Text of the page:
Developing the North: Hydroelectric Dams and the Hinterlands in Canada and India, 1953-1958, by Jill Campbell-Miller
Tues, February 15, 2022 – 7:00-8:30pm
About the Event
“Electricity, now-a-days, almost symbolises Civilisation.” This quotation, taken from a c. 1951 report by the Central Waterpower Irrigation and Navigation Commission of the Government of India, states plainly the objective of waterpower development in the “hinterlands” of states during this era. Disconnected from the administrative state, often largely populated by Indigenous or other minority ethnic groups, yet rich in potential for natural resource development, the hinterlands of modern states posed challenges and opportunities for governments in the mid-twentieth century, and to a great extent, still do. Hydroelectric power offered governments a technical solution to perceived political and economic problems. During this period Canada saw a growth in the international potential of its consulting engineer sector. As the federal government in Canada sought to develop its own hinterlands, partly by providing hydroelectric power to these regions, they also supported the growth of Canada’s consulting engineering sector abroad, by promoting their businesses through the foreign aid program. This talk will examine two hydroelectric projects built during the same era, the mid-1950s, one in Canada in the Yukon Territory, and one in India in the state of Assam (present-day Meghalaya), and both funded by the Canadian state. Both projects involved the Montreal Engineering Company, a politically-well connected consulting engineering firm. Though such projects achieved the goal of providing cheaper electricity to these hinterland regions, they had major consequence for the Indigenous peoples that lived in the areas where the dams were constructed, a consequence of little concern to those in power at that time.
Dr Jill Campbell-Miller is Adjunct Professor of History, Saint Mary’s University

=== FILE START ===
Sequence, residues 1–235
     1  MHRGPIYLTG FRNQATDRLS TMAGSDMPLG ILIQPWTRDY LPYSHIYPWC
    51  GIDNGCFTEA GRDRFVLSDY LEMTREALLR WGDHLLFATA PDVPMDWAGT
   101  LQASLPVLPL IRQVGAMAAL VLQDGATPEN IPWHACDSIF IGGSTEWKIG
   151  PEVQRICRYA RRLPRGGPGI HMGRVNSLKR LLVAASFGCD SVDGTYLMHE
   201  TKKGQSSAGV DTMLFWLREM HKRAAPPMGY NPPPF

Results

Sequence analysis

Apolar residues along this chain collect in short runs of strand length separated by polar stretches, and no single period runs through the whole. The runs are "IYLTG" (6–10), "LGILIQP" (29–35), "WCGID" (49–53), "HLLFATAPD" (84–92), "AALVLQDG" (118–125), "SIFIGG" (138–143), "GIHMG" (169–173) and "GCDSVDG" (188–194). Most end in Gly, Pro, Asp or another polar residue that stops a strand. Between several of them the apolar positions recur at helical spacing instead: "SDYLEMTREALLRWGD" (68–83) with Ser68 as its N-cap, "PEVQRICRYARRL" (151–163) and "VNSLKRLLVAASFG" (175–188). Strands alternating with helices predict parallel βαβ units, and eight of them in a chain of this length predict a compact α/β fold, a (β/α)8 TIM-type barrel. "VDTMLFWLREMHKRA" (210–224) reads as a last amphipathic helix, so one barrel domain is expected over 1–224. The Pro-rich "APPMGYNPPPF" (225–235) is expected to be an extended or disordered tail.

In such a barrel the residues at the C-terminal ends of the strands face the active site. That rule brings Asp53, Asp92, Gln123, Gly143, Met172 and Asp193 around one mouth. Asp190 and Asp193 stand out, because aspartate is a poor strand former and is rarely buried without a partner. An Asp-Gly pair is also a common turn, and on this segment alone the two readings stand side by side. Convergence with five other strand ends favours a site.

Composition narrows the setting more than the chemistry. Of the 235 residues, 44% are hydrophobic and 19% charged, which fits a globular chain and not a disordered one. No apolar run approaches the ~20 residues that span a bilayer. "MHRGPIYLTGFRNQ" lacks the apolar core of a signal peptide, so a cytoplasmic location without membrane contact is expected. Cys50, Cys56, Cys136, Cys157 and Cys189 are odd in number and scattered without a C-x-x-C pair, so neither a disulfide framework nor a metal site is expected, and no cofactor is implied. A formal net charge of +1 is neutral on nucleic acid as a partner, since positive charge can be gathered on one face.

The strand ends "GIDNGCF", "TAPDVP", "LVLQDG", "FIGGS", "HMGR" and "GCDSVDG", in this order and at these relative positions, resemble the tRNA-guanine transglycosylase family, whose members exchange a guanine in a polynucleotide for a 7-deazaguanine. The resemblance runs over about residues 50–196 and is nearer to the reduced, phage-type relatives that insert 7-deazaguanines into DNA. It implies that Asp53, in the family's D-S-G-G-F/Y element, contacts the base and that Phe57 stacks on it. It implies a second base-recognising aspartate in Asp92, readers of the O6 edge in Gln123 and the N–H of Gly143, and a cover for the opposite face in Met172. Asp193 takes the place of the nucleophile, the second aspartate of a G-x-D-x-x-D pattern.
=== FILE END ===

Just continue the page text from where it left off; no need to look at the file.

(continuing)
A link to the virtual event will be sent to registrants on Sunday evening, 13 February.
Graduate nursing students at McGill, by David Bier (Library and Archives Canada)
Between 1950 and 1968, approximately 300 to 400 “trainees” from South and Southeast Asia — India, Pakistan and Ceylon (present-day Sri Lanka)– came to Canadian universities, learning from the country’s health education systems, and brought back their new knowledge to their home countries.
The Colombo Plan Fellowships are worth acknowledging in the grander tale of Canadian humanitarian aid, as Jill Campbell-Miller argued on Sept. 14, 2018. The historian, a member of the CNHH who also runs the network’s social media presence, gave a presentation to interested members of academia at Carleton University.
During her afternoon talk, Campbell-Miller presented the subtle racial and historical dimensions of the Colombo Plan Fellowships and the changing landscape of health education in Canada.The post-doctoral fellow’s talk was the basis for a paper she hopes to publish. Continue reading
I came across the name of Dr. Florence Nichols while doing research for my dissertation, which examined the history of Canadian aid to India during the 1950s (you can find a link to the full dissertation on the University of Waterloo’s website: https://uwspace.uwaterloo.ca/handle/10012/8756). In 1955, Escott Reid, the Canadian high commissioner in New Delhi, toured southern India, leaving a detailed record of his trip. He visited the Christian Medical College (CMC) in Vellore. There he encountered Dr. Nichols, a Canadian psychiatrist and Anglican missionary, whom he briefly mentions in his account of the trip. Nichols complained to Reid that there was no psychiatric ward, and that “many of [the patients] are kept in chains in local hotels where they are looked after by their relatives.” Continue reading